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How Do You Measure Job Search Success?

How Do You Measure Job Search Success?

From Career Tips, 2011 Volume 2, February

"Duh...when I get a job I love, that pays me what I deserve!"
Not so fast. How do you measure your progress towards that goal?

"That's easy. How many interviews I'm landing."

Making your number of interviews the primary metric for job search success is a recipe for frustration and substandard job search performance.

Many in a job search get stuck in busy mode, working hard all week long on their search, but not knowing whether what they are doing is getting them where they need to go, or at the rate it should be. I'm convinced much of this is due to measuring the wrong things, or not even knowing what they should be measuring.

I want you to give some careful thought to all of the things you could do that might ultimately lead to those interviews, and how you might measure them. Examine which are the mission critical activities to move your search forward - the ones that deserve a lot of attention and energy. That way you can establish a base line of actions you are taking, evaluate how well you are doing, challenge yourself to raise that base line, and actually take steps regularly on items under your control that will lead to greater success in that end goal over which you have little direct control.

Let's take one example - networking. Almost everyone agrees that networking is a crucial element of any search, and the activity with the highest potential payoff in gaining interviews and getting you a closer examination in those interviews. In fact, my own experience is that for every job I've ever taken, from my first entry level actuarial student role to my next 'dream job' to my wildly successful systems consulting assignment (that launched a new career for me), networking played a critical role.

So what metrics could you establish to measure your level of success in networking? Here are a few:

  • Number of networking events you attend per month.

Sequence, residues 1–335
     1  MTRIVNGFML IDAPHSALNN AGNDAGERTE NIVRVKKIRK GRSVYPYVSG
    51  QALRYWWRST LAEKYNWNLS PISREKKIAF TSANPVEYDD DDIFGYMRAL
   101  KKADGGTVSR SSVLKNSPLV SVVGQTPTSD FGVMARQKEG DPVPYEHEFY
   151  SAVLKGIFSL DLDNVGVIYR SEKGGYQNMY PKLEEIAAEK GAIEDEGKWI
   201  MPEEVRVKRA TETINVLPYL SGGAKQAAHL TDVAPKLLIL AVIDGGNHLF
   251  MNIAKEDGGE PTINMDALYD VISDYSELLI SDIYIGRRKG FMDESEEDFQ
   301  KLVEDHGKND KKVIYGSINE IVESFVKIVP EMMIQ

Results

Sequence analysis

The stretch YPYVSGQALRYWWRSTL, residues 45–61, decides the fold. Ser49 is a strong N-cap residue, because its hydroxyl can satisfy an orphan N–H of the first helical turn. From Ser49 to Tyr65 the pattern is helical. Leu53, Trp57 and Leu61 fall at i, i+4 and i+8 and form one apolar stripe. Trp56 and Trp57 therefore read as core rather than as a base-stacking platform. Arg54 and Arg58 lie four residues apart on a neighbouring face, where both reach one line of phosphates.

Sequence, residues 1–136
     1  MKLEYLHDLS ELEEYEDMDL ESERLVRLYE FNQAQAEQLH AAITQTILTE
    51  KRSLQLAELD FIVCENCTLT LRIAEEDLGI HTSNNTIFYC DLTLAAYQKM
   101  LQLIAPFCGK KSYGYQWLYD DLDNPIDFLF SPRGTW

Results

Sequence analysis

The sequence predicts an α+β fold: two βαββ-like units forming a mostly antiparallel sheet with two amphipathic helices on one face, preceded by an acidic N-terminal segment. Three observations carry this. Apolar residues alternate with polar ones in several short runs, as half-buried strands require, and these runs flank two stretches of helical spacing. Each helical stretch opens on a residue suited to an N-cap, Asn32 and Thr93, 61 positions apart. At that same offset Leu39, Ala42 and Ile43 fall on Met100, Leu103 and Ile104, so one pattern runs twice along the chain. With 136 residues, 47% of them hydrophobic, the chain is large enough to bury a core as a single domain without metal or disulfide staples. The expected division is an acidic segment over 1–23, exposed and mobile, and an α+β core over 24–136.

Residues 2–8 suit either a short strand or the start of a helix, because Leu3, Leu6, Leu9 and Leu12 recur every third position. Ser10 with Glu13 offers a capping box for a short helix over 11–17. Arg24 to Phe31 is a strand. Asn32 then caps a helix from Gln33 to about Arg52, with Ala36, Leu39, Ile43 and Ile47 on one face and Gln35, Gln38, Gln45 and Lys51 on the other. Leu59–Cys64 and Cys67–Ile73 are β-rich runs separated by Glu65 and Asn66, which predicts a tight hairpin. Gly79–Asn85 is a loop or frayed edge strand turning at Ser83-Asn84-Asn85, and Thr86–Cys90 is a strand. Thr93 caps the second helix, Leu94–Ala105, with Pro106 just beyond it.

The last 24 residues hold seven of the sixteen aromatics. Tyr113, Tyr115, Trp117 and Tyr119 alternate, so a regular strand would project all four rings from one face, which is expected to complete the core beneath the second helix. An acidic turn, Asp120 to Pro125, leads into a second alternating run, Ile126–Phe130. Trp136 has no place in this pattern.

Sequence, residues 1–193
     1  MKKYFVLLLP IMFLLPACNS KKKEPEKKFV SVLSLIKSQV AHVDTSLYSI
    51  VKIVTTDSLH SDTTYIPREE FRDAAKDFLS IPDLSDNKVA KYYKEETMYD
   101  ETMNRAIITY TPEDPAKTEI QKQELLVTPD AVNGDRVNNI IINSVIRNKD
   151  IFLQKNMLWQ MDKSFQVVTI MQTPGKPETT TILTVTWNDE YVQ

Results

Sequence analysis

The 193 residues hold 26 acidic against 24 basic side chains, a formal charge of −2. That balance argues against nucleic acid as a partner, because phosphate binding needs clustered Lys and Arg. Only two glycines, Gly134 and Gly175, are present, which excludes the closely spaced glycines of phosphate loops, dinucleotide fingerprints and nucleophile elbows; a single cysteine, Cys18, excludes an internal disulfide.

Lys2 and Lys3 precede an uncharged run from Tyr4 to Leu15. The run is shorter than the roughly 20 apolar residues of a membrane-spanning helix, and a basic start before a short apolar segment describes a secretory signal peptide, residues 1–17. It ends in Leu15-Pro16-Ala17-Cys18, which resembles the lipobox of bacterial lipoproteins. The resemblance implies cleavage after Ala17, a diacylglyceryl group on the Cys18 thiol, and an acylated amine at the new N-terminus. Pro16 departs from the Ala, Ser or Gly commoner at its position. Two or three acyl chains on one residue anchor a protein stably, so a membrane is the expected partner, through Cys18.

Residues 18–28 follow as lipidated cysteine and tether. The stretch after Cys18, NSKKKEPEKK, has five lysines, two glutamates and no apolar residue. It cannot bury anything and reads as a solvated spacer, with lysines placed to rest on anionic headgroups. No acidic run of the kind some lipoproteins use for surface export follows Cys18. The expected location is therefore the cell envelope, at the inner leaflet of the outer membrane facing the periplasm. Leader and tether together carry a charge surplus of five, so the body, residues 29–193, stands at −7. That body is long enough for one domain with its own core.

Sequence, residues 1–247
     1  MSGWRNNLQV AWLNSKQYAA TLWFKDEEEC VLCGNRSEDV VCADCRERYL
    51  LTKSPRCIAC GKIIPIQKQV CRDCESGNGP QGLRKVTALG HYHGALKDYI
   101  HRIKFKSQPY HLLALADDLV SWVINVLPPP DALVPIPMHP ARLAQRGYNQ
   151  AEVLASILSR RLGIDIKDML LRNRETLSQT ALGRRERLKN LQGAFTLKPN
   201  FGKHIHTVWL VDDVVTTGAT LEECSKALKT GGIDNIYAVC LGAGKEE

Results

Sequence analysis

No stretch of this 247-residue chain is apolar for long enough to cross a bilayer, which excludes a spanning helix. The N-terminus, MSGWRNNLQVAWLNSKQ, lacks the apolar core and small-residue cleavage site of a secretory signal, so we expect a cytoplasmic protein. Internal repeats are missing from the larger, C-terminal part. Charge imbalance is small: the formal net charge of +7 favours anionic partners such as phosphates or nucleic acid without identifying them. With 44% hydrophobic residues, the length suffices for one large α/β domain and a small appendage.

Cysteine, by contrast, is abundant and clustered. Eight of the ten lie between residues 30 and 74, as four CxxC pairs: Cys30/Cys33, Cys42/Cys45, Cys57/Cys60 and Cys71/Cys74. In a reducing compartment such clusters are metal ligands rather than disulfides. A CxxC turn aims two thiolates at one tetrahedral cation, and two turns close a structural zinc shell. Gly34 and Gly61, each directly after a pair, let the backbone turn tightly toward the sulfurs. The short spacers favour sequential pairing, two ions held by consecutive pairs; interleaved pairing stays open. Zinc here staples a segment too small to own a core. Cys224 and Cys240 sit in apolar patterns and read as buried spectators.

• Number of new contacts made at networking events
  • Number of those new contacts who agree to have 1-on-1 networking meetings with you. (After all, that's the TRUE, CORE networking - how solid a relationship and helpmate can you develop just from chatting with someone for a few minutes at a group event?)
  • Number of 1-on-1 networking meetings you have per week.
  • Number of calls you make per week to attempt to get 1-on-1 networking meetings.
  • Number of referrals you receive per 1-on-1 networking meeting.

    Just by tracking these few items, you could start to tell:

  • How effective am I at networking events?
  • Are certain events more effective for me than others?
  • How many calls do I need to make per week to achieve my target level of meetings?
  • How effective are my 1-on-1 meetings?

    Obviously you could take these to much deeper levels, and you would learn volumes about what you could do to improve the results of your networking. You would also be able to set targets and challenge yourself to do better. And as you experimented with different strategies, you would be able to immediately see the impact.

    As 2011 progresses, I'll dig deeper into different areas of the job search, and how you might set up metrics for them. Send me your thoughts on what metrics you would use, and I'll incorporate those as well.

    And for those of you who are really serious about improving your performance, here's your challenge:

    1. In the next week, using the samples above for networking as a starting point, decide on the best networking metrics for your own situation.
    2. Set specific targets for those metrics, and write them down in an email to me at
    3. Track your actual results throughout the next month, and send me your weekly results each Friday.

    I guarantee that putting an increased focus on the metrics and tracking them will bring you insights that will move you forward! And even if you don't fully achieve the targets you established, you will see your 'hit rates' towards those targets rising.